DANVILLE, Ill. (WCIA) — A household name is proud to call this town his home.

The city’s pride can be seen everywhere. Dick Van Dyke is a 1944 graduate of Danville High School.

It’s only fitting he performed here two years ago in what’s now called the Dick Van Dyke Auditorium because that’s where it all started.

“He was a star here, in the local area here, in both music and stage and was extremely well-liked. Of course, no one was surprised that he was so successful.”

Denman showed up Van Dyke’s legacy which lines the hallways and fills the entire campus; depicting his humble beginnings.

His acting career took off. It’s well documented in Fisher Theatre where Van Dyke used to watch movies as a kid. Now his movies, and valuable props from them, are in display case.

Carol Nichols is touched by his continued love of the theater and the city.

“For people my age, he was part of our lives growing up. And, he was just, it was always so special to be able to seek the Dick Van Dyke show on television and have him talk about Danville.”

If you’re a Dick Van Dyke fan, now you know where in town you can see his mark. But, if you’re traveling, there’s even just a quick stop you can make along your way.

The owner of this McDonald’s got permission from corporate to make this a special landmark. The golden arches here also hold pictures of the golden stars of Danville, including Dick Van Dyke.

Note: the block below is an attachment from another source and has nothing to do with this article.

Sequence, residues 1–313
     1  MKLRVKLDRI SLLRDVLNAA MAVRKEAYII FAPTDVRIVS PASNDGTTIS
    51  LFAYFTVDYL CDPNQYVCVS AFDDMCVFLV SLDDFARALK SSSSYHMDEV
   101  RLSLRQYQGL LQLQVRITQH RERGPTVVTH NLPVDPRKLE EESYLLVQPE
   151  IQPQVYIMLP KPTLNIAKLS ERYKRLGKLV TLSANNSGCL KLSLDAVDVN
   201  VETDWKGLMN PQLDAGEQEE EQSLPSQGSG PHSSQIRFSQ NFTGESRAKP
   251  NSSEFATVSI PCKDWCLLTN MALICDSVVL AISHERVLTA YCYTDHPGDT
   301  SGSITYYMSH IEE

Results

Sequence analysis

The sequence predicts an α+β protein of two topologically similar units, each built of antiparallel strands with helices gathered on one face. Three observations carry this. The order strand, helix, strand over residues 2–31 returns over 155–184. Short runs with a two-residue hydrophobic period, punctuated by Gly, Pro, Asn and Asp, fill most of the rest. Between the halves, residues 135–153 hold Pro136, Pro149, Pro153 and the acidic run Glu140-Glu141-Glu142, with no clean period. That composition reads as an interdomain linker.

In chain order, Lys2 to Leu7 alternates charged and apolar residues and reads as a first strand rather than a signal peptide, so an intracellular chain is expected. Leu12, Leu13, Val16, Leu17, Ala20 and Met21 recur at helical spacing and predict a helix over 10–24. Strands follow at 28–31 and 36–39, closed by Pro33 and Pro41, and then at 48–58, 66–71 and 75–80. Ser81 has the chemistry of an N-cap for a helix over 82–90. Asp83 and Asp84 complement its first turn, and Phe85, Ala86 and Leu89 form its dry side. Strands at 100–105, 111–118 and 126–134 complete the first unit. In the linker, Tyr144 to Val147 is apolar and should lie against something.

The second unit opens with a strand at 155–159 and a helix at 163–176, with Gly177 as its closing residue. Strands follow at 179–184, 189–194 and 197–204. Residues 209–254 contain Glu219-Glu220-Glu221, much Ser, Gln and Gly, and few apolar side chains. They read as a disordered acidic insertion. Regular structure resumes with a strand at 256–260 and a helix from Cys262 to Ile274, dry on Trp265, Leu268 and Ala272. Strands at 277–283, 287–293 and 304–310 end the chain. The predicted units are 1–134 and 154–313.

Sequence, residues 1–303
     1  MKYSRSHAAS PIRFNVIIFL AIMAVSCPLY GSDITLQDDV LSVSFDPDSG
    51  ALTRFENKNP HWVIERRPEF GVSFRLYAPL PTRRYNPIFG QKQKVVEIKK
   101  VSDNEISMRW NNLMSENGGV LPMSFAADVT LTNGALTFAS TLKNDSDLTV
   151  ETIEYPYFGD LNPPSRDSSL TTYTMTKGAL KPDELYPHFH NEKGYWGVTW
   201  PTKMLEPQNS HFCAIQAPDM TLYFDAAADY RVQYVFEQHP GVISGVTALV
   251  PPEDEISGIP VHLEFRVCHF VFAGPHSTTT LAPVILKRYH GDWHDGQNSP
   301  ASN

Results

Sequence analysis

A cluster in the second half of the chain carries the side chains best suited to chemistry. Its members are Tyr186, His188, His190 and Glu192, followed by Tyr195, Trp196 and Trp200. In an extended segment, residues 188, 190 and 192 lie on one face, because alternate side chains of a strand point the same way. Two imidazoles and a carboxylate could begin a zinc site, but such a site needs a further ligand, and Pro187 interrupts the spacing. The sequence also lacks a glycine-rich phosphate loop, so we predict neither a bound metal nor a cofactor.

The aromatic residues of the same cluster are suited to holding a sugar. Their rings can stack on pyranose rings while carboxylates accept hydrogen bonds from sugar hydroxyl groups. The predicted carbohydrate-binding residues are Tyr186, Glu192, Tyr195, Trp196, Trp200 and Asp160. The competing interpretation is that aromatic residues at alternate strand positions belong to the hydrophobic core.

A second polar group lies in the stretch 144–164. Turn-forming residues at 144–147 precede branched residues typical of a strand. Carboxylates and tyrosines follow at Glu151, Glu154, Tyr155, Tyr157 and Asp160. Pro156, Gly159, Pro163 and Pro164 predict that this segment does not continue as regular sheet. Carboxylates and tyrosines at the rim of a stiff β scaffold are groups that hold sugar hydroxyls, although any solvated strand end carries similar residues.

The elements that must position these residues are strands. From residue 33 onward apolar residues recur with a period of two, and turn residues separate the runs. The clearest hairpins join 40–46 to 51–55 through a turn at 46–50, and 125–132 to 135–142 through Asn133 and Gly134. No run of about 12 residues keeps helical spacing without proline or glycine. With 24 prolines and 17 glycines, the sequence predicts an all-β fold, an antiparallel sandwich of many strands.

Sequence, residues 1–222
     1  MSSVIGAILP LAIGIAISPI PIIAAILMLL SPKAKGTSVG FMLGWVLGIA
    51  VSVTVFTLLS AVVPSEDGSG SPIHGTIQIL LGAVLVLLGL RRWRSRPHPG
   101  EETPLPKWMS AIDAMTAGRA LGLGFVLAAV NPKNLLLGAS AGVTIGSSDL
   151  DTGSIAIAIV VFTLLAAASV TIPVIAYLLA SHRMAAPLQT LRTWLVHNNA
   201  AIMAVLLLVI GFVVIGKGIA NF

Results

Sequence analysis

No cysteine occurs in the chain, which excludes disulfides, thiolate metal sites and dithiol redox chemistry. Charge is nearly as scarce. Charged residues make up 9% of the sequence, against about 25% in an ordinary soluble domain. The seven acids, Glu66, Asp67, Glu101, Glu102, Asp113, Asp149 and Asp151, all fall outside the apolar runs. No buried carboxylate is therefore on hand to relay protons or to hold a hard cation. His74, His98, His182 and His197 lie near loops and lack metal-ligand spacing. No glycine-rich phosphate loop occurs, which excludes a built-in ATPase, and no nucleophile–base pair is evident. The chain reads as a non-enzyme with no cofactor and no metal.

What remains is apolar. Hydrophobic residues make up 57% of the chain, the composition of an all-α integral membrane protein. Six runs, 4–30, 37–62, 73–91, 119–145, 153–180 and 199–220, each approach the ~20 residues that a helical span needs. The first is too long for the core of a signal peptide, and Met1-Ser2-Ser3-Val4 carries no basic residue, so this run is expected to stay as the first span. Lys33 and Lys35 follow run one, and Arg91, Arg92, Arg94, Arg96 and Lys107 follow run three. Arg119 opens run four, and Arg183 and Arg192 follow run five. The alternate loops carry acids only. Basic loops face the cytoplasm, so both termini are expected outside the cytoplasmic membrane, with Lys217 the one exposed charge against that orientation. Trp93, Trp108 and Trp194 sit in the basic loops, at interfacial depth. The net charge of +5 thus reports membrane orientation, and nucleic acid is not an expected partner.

“It shows kids in our community that they came form here and I too, can follow my dream and be successful.”

Van Dyke also visited in 2004, stopping at the high school. The principal says a student asked Van Dyke to sign his shoe. At 78-years old, he got down on his knees, signed it and popped right back up.

Van Dyke isn’t the only star from here. There’s also his brother, Jerry Van Dyke, Gene Hackman, Bobby Short, Helen Morgan and Donald O’Connor. A number came back in the 1980’s to help save the Fischer Theatre when it faced an uncertain future.

When Dick Van Dyke visited in 2016, he toured his childhood home. That house will be restored and turned into a museum. See video of that tour: